With approximately 21 million Americans flying during the 12-day period surrounding Thanksgiving – and more preparing to fly over the Christmas holidays -- the public debate over the new, intrusive TSA searches isn’t likely to die down any time soon. Nor should it.
Certainly, in a democratic republic, citizens have every right to weigh in on the proper balance between freedom and security (although it is a bit rich when those who routinely sport today’s most revealing fashions -- or their parents -- suddenly react with shocked modesty to the prospect of scanners showing what’s already pretty well evident to the naked eye). But the widespread outrage is more than the traditional American aversion to intrusive, overreaching government.
In truth, it’s a revolt against the Obama administration’s moral obtuseness in prosecuting the war on terror. The kind of searches the TSA is now empowered to conduct signal that the terrorist threat is real, and pressing, and imminently dangerous to each of us – so dangerous, in fact, that government agents must have license to grope anyone in the security line in the most personal, intimate ways. Now, Americans might be willing to accept this level of intrusion – where any law-abiding citizen can be treated as a potential terrorist – if it were consistent with the administration’s approach to confronting terrorism and those who engage in it.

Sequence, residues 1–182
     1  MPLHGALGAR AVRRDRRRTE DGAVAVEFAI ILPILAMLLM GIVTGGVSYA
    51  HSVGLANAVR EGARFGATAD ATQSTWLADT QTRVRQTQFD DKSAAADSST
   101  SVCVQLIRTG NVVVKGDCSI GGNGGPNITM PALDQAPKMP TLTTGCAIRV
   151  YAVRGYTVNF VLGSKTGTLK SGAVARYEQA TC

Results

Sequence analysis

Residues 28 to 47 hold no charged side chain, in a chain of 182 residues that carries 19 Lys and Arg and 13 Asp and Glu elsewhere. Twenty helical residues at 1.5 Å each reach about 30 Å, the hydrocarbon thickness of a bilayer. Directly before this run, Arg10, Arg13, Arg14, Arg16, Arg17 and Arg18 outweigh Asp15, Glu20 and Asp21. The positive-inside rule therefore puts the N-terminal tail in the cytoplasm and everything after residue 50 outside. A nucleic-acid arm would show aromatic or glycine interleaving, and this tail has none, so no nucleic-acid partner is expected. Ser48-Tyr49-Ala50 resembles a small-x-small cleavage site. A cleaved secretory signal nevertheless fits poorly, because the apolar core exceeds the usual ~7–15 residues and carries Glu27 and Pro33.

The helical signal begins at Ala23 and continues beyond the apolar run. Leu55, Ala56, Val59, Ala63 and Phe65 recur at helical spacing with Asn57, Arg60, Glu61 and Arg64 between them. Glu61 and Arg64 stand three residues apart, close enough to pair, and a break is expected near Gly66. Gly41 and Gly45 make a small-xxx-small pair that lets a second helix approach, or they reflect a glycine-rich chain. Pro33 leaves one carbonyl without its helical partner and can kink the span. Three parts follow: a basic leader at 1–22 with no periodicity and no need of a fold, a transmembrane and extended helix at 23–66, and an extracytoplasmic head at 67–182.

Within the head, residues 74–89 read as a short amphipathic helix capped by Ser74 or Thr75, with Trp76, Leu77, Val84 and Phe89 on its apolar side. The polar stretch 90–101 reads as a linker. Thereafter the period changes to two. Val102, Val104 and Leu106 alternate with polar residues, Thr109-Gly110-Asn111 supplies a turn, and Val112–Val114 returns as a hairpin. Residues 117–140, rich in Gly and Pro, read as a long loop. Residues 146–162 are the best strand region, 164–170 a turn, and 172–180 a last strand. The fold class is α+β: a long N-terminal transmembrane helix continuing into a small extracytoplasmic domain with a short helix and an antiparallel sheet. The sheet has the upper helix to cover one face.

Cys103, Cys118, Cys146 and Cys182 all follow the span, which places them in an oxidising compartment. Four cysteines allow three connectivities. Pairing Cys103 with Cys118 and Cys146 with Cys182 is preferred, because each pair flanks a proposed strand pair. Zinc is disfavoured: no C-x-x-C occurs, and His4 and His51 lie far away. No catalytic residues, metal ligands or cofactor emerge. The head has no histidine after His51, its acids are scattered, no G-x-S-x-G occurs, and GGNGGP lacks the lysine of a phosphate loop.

But it’s not. And that mismatch rightly generates public disgust and outrage.
Think of the President’s longstanding approach to the war on terror. From the beginning, candidate Obama sent the message that the Bush administration was overreacting to the potential for attacks by Islamic extremists. Indeed, since taking office, the President has used the phrase “war on terror” less than a dozen times, preferring instead circumlocutions like “overseas contingency operation.” (And who can forget Janet Napolitano’s famous “man-caused disasters”?)Worse, the administration has demonstrated an ongoing commitment to treating terrorism like a law-enforcement matter, rather than a military one. From proposing to move Guantanamo Bay prisoners to US prisons and send the 9/11 plotters to trial in Manhattan to terminating the questioning of the Christmas bombing suspect after one hour and reading him his Miranda rights, the Obama administration has been exquisitely sensitive to the perceived rights and sensibilities of suspected terrorists.
There’s a cost to that sensitivity, as the American people were recently reminded by the near-acquittal of Ahmed Khalfan Ghailani, the first Guantamo detainee to face trial in a civilian court. He was convicted on only one count, and acquitted on more than 280 others, when the civilian rules of evidence barred key witness testimony about Ghailani personally providing explosives for a terrorist plot to destroy a US embassy in Africa. Nevertheless, the administration seems determined to persist with a civilian trial – complete with all the civil rights trimmings – for 9/11 mastermind Khalid Sheikh Mohammed.